My system needs a very high number of inodes on the partition because it is going to store many, many small files. (It's going to be an OSM, OpenStreetMap TileServer running mapnik and tirex).

As far I as learnt the number of inodes of a ext4 partition can only be created when formatting with mkfs.ext4 (see answer here). Increasing later is not possible but would require one to reformat (see comment here).

So it's really good to do it right at installation. Is there a way to pass arguments to mkfs.ext4 for mkfs.ext4 -T usage-type /dev/something? So I could mkfs.ext4 -T news /dev/something (usage type news has a lot of inodes).

  • 1
    man mkfs.ext4 under -T, especially the mention of /etc/mke2fs.conf, and man mke2fs.conf does not help?
    – dirkt
    Commented Mar 7, 2017 at 11:40
  • Not during the installation process ;)
    – nachtigall
    Commented Mar 7, 2017 at 13:48

1 Answer 1


This is supported in the installer. To choose the usage type of a partition created during installation, you need to proceed as follows:

  • when you get to the partition phase, select “Manual” (you can still have guided partitioning in the manual partitioning tool)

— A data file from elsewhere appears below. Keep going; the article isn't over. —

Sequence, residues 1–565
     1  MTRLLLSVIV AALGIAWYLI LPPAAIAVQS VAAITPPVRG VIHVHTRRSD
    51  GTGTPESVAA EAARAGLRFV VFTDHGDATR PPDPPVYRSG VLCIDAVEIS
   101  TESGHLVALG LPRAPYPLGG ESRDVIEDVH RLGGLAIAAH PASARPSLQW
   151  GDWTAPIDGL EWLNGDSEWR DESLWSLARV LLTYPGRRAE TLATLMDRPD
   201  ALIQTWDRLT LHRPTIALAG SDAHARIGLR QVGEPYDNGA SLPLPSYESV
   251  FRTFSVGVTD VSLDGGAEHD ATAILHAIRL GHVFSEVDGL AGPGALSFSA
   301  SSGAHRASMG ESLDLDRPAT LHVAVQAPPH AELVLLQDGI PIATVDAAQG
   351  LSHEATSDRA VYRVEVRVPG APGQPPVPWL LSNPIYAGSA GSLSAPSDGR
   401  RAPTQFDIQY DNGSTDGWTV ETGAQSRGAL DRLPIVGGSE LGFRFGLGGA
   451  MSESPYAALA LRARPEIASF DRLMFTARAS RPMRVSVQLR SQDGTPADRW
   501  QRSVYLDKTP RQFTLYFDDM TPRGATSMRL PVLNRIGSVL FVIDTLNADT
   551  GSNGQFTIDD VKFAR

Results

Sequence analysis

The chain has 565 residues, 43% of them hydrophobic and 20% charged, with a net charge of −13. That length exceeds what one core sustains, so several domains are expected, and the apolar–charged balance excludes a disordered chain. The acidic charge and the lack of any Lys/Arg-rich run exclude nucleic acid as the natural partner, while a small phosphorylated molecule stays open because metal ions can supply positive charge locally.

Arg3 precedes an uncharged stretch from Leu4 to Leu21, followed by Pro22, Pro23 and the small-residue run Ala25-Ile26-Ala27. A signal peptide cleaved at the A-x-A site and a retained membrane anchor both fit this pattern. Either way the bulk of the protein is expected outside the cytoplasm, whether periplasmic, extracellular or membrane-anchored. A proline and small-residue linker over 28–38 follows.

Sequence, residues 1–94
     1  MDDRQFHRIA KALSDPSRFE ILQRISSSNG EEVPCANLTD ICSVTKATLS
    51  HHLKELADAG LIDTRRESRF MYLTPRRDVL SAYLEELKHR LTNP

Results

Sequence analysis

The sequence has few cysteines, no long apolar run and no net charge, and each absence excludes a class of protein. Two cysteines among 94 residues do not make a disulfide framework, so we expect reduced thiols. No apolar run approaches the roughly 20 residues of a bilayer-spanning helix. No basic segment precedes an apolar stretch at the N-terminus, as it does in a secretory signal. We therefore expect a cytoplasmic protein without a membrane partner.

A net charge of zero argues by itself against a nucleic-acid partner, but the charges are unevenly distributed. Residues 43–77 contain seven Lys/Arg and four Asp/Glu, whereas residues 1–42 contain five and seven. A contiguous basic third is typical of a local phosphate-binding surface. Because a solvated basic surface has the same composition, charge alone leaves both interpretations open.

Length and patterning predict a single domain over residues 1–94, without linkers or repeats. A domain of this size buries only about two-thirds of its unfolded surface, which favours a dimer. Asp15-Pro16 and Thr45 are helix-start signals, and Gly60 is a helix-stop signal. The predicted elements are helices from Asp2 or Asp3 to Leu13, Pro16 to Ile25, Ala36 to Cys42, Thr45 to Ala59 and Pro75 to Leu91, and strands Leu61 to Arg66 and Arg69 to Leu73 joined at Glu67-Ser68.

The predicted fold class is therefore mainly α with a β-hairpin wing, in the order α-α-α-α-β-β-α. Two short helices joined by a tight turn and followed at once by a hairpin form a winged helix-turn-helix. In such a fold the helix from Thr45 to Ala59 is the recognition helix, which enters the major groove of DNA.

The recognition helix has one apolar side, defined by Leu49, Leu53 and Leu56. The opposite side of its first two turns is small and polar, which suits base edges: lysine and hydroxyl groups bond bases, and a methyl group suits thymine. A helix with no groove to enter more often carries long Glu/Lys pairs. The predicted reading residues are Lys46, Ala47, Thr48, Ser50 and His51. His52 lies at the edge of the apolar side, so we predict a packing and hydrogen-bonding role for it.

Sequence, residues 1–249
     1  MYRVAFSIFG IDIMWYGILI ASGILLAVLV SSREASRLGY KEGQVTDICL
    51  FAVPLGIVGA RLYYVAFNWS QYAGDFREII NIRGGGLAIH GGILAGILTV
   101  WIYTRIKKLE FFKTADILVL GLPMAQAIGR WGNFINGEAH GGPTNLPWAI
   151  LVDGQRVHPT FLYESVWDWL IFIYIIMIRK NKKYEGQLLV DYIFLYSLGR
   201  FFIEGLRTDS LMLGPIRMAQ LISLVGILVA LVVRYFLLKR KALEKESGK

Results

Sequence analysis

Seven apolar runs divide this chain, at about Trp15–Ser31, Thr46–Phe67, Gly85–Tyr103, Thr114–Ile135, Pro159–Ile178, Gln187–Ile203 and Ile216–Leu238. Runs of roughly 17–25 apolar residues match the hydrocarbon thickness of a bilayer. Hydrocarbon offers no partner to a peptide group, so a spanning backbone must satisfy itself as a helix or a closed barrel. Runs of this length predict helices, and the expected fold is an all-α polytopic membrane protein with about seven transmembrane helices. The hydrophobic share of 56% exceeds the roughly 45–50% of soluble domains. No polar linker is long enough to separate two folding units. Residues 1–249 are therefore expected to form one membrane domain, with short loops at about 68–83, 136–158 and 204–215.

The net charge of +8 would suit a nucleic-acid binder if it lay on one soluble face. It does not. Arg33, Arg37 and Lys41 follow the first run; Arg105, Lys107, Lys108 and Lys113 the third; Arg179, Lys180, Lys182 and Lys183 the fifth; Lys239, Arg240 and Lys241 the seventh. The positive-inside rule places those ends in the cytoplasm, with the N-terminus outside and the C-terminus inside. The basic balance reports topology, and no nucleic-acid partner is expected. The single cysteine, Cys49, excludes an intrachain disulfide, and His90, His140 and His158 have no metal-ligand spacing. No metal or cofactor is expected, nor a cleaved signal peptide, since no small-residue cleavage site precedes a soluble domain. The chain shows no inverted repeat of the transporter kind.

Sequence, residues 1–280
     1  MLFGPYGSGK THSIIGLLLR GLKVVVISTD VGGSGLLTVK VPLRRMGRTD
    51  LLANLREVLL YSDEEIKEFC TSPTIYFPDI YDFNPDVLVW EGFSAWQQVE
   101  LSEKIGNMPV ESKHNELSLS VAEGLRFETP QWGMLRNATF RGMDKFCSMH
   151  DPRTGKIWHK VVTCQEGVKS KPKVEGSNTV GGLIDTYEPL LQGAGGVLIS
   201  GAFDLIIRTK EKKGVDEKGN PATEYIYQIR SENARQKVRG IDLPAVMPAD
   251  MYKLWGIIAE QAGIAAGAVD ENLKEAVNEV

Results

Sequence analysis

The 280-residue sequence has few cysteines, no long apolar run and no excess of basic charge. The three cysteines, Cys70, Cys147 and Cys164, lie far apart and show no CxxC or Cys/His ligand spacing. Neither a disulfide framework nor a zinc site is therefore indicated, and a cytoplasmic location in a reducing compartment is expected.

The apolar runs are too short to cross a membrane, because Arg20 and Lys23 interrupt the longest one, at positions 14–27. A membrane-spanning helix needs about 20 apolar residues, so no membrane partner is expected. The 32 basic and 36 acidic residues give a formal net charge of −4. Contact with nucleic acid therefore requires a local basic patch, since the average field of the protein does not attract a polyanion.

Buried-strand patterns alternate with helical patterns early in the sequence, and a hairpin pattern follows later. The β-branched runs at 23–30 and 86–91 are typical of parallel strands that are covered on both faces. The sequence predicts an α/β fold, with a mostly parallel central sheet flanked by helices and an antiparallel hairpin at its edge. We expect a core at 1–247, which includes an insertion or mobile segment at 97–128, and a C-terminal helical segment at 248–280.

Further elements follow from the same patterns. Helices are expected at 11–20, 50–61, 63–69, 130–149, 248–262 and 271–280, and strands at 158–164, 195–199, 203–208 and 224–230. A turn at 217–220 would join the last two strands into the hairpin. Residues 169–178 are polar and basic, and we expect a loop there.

• choose the drive you want to partition
  • confirm you want to create a partition table (if necessary)
  • choose the free space
  • create your partitions (you can select “Automatically partition the free space” here to have the installer create them for you)
  • once your partitions have been created, you’ll return to the list of drives and partitions
  • choose the partition (or logical volume if you’re using LVM) whose usage you want to change
  • select “Typical usage” (which should be “standard” by default)
  • at this point, on Ext4, you can choose the usage you want from “standard”, “news” (lots of inodes), “largefile” (fewer inodes), “largefile4” (even fewer inodes)
  • select “Done setting up the partition” to return to the list of drives and partitions
  • select “Finish partitioning and write changes to disk” to continue the installation

The usage you select is used as the value of the -T parameter for mkfs.ext4.

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